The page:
Role of the Chair

  • To lead the board and ensure its effectively meeting its goals by
    • Making sure resources are used efficiently;
    • Ensuring high standards of governance and leadership at all times from the trustees;
    • Representing the museum;
    • Assessing and auditing the effectiveness of the board/trustees and putting in place processes for the continual development of the board – The Learning Board. Governance development should be a part of any strategic plans.
  • Ensuring the board is efficient and effective by
    • Properly planning meetings and making sure all trustees have relevant information to make decisions;
    • Putting in place process for induction of new trustees;
    • Ensuring energy is focussed on priorities and not on the minutiae of day to day operations, this is the role of management;
    • Securing professional advice where needed;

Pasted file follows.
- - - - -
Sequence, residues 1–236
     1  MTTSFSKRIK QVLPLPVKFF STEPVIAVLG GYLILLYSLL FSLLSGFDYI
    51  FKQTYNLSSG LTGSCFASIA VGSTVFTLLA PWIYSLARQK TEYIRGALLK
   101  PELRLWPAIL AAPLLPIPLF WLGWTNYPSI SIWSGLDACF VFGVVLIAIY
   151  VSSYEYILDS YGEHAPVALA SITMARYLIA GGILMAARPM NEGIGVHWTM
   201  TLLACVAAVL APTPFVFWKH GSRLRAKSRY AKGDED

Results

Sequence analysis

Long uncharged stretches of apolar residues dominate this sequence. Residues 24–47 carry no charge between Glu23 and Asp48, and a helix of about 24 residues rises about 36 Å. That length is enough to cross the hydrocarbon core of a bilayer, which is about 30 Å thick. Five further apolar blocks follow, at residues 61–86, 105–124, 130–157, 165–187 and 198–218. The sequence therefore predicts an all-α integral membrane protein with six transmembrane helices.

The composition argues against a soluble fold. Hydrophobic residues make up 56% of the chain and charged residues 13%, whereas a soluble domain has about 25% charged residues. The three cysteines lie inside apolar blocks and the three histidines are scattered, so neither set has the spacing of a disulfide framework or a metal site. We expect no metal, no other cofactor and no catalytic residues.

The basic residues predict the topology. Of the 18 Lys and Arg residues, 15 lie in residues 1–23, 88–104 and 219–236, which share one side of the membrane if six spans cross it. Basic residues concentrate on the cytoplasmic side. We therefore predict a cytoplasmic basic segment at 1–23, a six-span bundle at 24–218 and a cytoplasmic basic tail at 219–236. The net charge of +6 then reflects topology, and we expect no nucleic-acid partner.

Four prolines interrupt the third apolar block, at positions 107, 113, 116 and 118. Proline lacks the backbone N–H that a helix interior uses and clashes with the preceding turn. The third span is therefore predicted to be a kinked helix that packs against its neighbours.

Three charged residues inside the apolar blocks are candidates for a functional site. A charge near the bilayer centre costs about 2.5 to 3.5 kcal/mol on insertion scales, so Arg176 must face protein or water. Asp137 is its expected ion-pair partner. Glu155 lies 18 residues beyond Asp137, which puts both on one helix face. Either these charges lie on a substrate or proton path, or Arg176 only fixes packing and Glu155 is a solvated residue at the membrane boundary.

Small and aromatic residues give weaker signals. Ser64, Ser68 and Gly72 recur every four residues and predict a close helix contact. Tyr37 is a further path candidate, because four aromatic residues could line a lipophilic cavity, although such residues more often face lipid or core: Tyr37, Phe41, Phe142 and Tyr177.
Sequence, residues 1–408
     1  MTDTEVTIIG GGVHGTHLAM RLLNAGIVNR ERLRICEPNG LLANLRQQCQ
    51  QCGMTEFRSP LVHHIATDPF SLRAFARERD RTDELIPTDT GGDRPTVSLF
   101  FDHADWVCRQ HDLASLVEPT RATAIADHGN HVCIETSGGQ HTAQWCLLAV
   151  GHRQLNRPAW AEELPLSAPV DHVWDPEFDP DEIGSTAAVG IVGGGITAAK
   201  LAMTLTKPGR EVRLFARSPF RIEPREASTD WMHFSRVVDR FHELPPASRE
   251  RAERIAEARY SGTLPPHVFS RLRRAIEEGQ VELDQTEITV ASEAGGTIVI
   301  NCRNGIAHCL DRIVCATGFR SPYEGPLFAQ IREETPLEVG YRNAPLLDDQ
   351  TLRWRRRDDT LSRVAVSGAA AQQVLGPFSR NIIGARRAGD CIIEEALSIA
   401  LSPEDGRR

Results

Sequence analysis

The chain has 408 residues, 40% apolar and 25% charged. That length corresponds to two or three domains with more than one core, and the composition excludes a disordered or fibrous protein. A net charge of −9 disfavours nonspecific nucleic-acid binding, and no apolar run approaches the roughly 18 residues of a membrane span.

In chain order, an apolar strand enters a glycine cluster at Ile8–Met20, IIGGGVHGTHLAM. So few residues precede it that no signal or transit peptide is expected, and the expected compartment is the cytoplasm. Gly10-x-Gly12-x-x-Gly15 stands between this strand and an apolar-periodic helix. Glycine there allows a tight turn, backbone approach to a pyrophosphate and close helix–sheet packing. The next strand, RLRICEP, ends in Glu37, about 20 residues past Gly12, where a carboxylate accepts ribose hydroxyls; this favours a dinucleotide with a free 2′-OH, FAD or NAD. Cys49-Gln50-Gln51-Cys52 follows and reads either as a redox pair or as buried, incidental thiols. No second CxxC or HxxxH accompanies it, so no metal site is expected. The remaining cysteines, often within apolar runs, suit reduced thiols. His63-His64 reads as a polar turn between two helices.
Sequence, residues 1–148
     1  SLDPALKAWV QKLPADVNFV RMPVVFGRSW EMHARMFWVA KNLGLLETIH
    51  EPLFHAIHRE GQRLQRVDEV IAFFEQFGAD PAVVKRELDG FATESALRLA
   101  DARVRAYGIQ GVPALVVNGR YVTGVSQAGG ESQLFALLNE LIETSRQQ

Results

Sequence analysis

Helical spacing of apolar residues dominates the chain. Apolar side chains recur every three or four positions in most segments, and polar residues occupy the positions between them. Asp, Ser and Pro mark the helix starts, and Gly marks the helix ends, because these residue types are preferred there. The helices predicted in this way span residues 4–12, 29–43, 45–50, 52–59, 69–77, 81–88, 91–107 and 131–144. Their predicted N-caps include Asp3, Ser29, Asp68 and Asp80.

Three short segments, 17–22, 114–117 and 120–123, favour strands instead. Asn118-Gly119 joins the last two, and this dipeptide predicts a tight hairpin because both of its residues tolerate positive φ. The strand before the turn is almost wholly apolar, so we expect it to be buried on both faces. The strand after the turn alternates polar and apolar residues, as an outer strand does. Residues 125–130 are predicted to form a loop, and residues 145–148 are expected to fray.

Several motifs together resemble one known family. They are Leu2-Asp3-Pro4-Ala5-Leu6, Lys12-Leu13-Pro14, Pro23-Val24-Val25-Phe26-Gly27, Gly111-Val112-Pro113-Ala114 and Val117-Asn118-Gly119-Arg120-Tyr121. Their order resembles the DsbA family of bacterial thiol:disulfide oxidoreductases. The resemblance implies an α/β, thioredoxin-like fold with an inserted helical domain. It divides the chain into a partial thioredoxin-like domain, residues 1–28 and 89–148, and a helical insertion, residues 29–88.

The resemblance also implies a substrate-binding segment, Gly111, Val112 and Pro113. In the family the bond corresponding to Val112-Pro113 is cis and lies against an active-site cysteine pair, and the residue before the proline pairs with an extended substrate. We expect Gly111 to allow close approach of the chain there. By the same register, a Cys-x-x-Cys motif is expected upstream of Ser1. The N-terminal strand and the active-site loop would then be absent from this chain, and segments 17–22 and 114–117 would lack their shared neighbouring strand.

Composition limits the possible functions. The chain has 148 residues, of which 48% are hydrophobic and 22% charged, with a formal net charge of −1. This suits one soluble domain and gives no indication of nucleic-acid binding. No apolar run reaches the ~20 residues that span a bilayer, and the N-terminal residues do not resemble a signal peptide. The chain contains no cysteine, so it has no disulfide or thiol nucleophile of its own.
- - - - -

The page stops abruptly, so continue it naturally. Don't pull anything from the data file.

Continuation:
• Ensuring the board is kept informed of performance data;

Establishing a good, balanced working relationship with the CEO to enable effective planning, control, support and appraisal.

Useful Links

Office of the Scottish Charity Regulator – www.oscr.org.uk

Scottish Council for Voluntary Organisations: Setting up a Charity – Get Started Guide – www.scvo.org.uk/setting-up-a-charity

Voluntary Action Scotland – www.vascotland.org

Volunteers

Volunteering Scotland has an amazing list of resources to help you manage and support volunteers. It includes templates and guides to creating volunteer induction packs, role descriptions, policies, measuring impact and creating an inclusive environment. All these resources can be downloaded here:

https://www.volunteerscotland.net/for-organisations/guidance/all-guidance-and-templates/

Heritage volunteering group is another good site for resources and support – https://heritagevolunteeringgroup.org.uk/links-resources/

Fundraising

Inspiring fundraising aims to help everyone in the heritage sector in Scotland raise funds for their organisation, cause or project, effectively and with greater confidence. It is the most comprehensive guide to understanding the principles of funding, developing a strategy and writing a case for support. Visit the website below:

https://inspiringfundraising.co.uk/

Useful websites and organisations